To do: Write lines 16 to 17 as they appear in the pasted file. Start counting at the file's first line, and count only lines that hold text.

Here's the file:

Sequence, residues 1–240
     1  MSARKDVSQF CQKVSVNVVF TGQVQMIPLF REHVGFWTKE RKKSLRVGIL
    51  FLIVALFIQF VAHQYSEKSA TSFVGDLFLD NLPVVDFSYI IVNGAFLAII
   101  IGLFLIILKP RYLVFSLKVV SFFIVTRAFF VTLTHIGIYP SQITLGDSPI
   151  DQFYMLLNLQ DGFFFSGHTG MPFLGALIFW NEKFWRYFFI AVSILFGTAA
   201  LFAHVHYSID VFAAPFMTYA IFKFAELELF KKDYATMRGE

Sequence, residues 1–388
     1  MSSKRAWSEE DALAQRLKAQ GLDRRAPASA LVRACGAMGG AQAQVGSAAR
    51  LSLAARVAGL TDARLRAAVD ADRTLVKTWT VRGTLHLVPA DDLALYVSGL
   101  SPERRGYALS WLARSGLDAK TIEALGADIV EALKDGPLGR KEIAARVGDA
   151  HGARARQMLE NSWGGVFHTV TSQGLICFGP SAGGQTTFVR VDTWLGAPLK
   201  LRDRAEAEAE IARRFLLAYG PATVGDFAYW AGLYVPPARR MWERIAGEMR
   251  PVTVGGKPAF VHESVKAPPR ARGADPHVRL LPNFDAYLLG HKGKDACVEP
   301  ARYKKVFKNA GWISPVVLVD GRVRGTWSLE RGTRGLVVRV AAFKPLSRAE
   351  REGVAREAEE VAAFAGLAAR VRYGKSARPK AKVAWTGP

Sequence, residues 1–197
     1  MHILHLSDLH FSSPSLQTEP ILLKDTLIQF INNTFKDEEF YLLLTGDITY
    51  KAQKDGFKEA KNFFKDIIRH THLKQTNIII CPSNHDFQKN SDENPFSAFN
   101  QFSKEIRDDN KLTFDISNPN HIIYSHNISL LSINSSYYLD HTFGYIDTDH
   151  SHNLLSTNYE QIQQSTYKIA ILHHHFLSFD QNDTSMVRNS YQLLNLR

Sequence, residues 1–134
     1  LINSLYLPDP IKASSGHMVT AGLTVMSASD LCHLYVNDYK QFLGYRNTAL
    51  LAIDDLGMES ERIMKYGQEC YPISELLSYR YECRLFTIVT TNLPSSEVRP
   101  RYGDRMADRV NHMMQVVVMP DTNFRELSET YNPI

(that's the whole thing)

Sequence, residues 1–197
     1  MHILHLSDLH FSSPSLQTEP ILLKDTLIQF INNTFKDEEF YLLLTGDITY